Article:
For the second time within a week, Greek authorities carried out a successful operation against international cigarette smugglers. On the basis of information gathered by the European Anti-Fraud Office (OLAF), the Financial and Economic Crime Unit (SDOE) and Greek customs seized once again nearly 20 million contraband cigarettes. Taken together, the two operations prevented the loss of more than 7 million euros in unpaid duties and taxes.
The Director-General of OLAF, Mr Giovanni Kessler said: "It is very good news to hear that in less than a week, our Greek partners were once again able to intercept an international contraband operation of this magnitude. This second seizure shows the importance of international cooperation and the contribution that OLAF can bring to the fight against tobacco smuggling. For single authorities, it is a great challenge to intercept such complex contraband operations run by criminal organisations. I would like to congratulate the Greek authorities for this new success."
On 6 March, OLAF received information on three containers declared as loaded with crumb rubber, but suspected of containing contraband cigarettes. These containers were shipped from the harbour of Pasir Gudang in Malaysia to Piraeus in Greece. OLAF sent this information to the competent Greek authorities. Preliminary checks carried out by the SDOE revealed that the consignee of the containers did not exist. When the suspect lading was checked upon arrival in the port of Piraeus on 13 and 14 March, the Greek authorities discovered that two of the three containers were in fact loaded with smuggled cigarettes. The same pattern of action had been unveiled in a related case, a week earlier.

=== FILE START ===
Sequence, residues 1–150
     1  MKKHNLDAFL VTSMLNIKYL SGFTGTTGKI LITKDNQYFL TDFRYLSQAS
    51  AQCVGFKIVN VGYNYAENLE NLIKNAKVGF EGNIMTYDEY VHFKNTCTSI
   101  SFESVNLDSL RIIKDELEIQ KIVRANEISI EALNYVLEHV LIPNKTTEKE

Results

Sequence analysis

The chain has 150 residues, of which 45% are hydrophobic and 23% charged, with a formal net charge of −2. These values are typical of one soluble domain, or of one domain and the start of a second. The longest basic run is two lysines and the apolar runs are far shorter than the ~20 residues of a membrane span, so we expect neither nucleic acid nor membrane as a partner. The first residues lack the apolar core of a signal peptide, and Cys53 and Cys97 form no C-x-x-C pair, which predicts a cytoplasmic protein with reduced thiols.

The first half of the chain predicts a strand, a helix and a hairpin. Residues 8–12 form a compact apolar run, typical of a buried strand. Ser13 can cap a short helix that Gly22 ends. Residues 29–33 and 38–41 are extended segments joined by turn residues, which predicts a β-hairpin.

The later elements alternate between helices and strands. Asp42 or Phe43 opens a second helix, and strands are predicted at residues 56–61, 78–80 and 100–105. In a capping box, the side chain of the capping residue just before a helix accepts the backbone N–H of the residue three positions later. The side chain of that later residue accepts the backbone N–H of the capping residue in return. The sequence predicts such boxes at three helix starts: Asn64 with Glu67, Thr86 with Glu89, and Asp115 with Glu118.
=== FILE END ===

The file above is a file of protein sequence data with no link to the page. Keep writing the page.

Inspecting the containers, the Greek authorities discovered a total of 1 996 boxes of contraband cigarettes. The two containers were loaded with 998 boxes each of “RGD” brand cigarettes, totalling up to 998,000 packages or 19.96 million pieces of cigarettes. Only the third container was loaded with crumb rubber as declared. The investigation continues, with authorities seeking to identify the intended recipient of these cigarettes, whose identity and address on the shipping documents were fake.
Unpaid duties and taxes on these smuggled cigarettes amount to more than EUR 3.5 million in the new case, leading to a prevented loss of more than EUR 7 million in the two operations carried out by the Greek authorities recently.
Given the nearly identical pattern, OLAF and the Greek authorities suspect the same criminal organisation to be behind the two smuggling attempts. In both cases, three containers where shipped from Malaysia to Piraeus, two of which were loaded with contraband cigarettes.
OLAF The mission of the European Anti-Fraud Office (OLAF) is threefold: it protects the financial interests of the European Union by investigating fraud, corruption and any other illegal activities; it detects and investigates serious matters relating to the discharge of professional duties by members and staff of the EU institutions and bodies that could result in disciplinary or criminal proceedings; and it supports the EU institutions, in particular the European Commission, in the development and implementation of anti-fraud legislation and policies.